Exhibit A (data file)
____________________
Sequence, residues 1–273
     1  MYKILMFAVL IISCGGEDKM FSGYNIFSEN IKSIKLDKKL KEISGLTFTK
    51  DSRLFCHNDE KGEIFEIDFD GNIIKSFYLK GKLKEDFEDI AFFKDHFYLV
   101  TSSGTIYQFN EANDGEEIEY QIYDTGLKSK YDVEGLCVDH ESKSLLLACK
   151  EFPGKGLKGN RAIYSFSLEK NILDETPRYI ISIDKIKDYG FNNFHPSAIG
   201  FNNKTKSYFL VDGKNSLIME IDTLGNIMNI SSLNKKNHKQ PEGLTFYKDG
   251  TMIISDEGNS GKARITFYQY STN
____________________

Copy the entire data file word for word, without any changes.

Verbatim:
Sequence, residues 1–273
     1  MYKILMFAVL IISCGGEDKM FSGYNIFSEN IKSIKLDKKL KEISGLTFTK
    51  DSRLFCHNDE KGEIFEIDFD GNIIKSFYLK GKLKEDFEDI AFFKDHFYLV
   101  TSSGTIYQFN EANDGEEIEY QIYDTGLKSK YDVEGLCVDH ESKSLLLACK
   151  EFPGKGLKGN RAIYSFSLEK NILDETPRYI ISIDKIKDYG FNNFHPSAIG
   201  FNNKTKSYFL VDGKNSLIME IDTLGNIMNI SSLNKKNHKQ PEGLTFYKDG
   251  TMIISDEGNS GKARITFYQY STN